Physics 11 – We used most of the class to look a how friction could be modeled on the microscopic level, and the factors that affect friction. The first class brainstormed possible factors that affect friction and then broke into groups to investigate a factor. However, a few groups had a difficult time clearly identify friction force as the dependent variable, and a variable that they could directly measure.
I had the second class work through a more structured approach to designing their experiments, where the dependent variable was more explicitly stated and recognized as being something that could be measured. We used the Smarter Science framework to assist with this. We didn’t have time to carry out the experiments, so that will be done the next day.
Science 9 – Today in science 9 the students extracted DNA from strawberries. The lab is fairly straight forward and is well known in education. With not too much prep, the students are actually extracting DNA – every time I think about this, it blows my mind! Most of the students find this pretty interesting too.
Of course, this lab is one of those black box type investigations. I have thought about following up the quiz with an experimental design lab. Some type of investigation that determines how to maximize the quantity of DNA extracted. Perhaps I will go over an experimental design next class, using the Smarter Science framework.
One of my blocks had several boys that really struggle to stay focused. Some of them are super interested in this topic and what the lab is about, but have absolutely no desire or compulsion to write something down on paper. It’s a puzzling thing for me to figure out – I feel like I’m doing all of the things that need to be in place for an engaging environment, but several kids just aren’t in the right head space.
Science 9 – Like my grade 8 classes, I decided to do a Smarter Science activity with the grade 9’s using the dissolving starch packing peanut. I had noticed that in their previous lab, the students had a difficult time carefully thinking through their experiment even though most of it was laid out for them. It seemed as so they could use more scaffolding in creating experimental procedures.
The grade 9 classes were able to work through this experiment fairly quickly. As well, their inquiry questions were more focused. Most importantly, many groups recognized that they were missing two key parts for a successful experiment. First, some groups discovered that they needed to properly calibrate their timing. In other words, they needed a way to control when the timer should be stopped. When is it an appropriate time to say that all the dissolving is finished? The packing peanuts do not fully dissolve. The other key piece that was missing was their ability to control the stirring. Many groups independently worked out a stirring rate, but others were not clear on the issue of pushing the peanut into the water (the peanuts float).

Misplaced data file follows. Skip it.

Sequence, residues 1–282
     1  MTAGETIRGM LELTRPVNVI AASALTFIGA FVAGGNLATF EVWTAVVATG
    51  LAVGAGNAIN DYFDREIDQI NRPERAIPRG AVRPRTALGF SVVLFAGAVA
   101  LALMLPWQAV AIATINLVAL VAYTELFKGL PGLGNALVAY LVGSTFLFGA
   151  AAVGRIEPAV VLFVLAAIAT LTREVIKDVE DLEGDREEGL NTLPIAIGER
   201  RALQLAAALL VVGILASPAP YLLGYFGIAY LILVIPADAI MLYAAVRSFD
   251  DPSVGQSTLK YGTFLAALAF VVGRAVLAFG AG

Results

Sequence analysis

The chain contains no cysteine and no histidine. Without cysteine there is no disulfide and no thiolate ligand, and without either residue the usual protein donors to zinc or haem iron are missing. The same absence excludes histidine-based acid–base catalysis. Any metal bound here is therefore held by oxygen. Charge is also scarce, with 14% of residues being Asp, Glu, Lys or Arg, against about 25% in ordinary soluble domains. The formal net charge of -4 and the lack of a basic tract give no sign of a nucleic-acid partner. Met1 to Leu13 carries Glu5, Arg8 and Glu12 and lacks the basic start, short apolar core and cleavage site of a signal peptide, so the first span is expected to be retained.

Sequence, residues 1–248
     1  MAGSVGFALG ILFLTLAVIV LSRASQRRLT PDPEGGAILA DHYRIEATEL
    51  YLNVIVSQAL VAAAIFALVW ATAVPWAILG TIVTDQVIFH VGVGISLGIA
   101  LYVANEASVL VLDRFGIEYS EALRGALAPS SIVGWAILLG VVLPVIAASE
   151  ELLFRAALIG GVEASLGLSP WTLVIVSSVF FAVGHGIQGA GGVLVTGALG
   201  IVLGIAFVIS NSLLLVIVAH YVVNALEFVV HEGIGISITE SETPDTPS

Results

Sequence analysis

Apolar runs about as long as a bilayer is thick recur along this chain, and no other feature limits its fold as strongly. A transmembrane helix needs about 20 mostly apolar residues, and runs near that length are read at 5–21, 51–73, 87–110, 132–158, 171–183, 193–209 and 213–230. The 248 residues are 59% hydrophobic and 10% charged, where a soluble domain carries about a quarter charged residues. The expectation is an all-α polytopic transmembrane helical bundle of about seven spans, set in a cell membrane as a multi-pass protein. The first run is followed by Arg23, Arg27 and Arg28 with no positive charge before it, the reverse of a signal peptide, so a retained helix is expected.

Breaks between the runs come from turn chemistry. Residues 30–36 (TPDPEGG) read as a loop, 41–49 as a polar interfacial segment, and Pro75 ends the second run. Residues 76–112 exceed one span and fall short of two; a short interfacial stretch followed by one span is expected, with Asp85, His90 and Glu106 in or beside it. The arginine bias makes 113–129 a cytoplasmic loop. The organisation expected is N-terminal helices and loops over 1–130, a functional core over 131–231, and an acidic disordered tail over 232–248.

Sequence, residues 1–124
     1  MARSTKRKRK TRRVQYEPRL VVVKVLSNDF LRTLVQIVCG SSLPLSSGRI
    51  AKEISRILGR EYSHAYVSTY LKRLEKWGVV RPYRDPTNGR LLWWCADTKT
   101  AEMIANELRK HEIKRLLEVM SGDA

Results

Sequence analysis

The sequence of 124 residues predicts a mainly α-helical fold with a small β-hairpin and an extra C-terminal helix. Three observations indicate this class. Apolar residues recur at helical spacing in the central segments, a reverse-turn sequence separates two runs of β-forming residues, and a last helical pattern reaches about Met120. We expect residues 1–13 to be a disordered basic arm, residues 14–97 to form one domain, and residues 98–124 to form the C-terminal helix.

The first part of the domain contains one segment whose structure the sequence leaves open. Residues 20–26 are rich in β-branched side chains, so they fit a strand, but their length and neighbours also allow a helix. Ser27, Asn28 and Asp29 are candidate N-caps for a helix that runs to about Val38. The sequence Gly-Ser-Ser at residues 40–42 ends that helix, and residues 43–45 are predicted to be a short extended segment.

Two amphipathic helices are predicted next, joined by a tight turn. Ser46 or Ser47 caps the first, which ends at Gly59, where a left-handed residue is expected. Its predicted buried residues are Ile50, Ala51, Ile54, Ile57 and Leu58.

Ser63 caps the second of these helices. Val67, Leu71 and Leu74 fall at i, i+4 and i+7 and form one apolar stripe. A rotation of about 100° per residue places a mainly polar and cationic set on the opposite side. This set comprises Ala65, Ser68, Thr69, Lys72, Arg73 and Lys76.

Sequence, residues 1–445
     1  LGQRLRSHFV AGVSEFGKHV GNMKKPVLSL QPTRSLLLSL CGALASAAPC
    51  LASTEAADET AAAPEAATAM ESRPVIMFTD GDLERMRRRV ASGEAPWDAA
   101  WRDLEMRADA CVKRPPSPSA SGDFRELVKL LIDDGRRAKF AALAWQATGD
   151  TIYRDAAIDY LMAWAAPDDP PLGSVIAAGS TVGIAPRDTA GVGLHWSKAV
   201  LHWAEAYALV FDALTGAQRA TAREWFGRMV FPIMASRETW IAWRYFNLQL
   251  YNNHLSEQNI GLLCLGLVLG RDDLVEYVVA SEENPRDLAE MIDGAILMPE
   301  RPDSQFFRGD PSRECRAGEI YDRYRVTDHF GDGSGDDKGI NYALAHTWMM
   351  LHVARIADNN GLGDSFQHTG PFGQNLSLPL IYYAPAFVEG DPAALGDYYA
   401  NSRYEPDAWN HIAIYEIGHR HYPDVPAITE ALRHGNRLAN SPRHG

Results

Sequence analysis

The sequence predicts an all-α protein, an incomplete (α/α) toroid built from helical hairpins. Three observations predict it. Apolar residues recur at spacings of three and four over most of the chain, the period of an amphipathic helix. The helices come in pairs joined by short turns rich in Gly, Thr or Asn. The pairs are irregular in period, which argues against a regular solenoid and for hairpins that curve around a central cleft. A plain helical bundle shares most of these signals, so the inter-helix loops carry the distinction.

I’m hoping that the lab reports are finished promptly and are of decent enough quality.
Science 8. Today we worked through an experiment using the Smarter Science framework. I could see its usefulness, as there were several places where students were tripping up in the process. In previous classes we talked through the experiment while I wrote things down on my tablet. Today’s class I tried using the post-it notes as shown in the photo above. I think that for grade 8’s, the overhead projector with both me and students writing at the same time was better. Using post-it notes left the kids doing nothing for a bit… They would just be watching me move the notes. It caused them to be too distracted.
What was really interesting to me was that a few students ended up with test procedures that were trying to test two variables at once. I’m looking forward to doing this again soon.
Today in Science 8 we debriefed our starch packing peanut experiments. I was actually quite surprised at how quickly the students picked up on the errors of our experiments. Students identified that:
- different peanuts had different masses
- water temperatures were not controlled well enough
- Stir rates were not controlled well enough
- How the floating peanut was dunked was not controlled
Furthermore, students were able to come up with solutions to the problems. Generally they suggested doing more demonstrations, having someone specialize in a particular step or procedure, and the use of pictures and videos for setting standards. Many of these things are tools that we use for QC in engineering.
As with all group discussions, just because one student offered up a good answer doesn’t mean that all students had the same idea. However, I was very careful to elicit information from almost all students. Usually there will be a few students that claim they don’t have anything to say. For these kids, I give them ample pause time before letting them off the hook; however, I always tell them to keep thinking because I will come back to them. Often these kids are eager with their hands in the air before I get a chance to ask them a second time!
Today we worked on observations, by recording details of apples and then studying how a starch packing peanut dissolves in water. This led to our next discussion about scientific methods: asking questions, and coming up with testable ideas. What follows is a list of questions the students had about packing peanuts. With my help, they then decided on which questions were testable in our classroom (highlighted in green).
Of course, that we’re not going to test #1 is a major disappointment! Next day’s plan is for the students to split up and devise an experimental plan to test one question (per group). With these activities, we will go over experimental design and controls in an interesting and authentic way.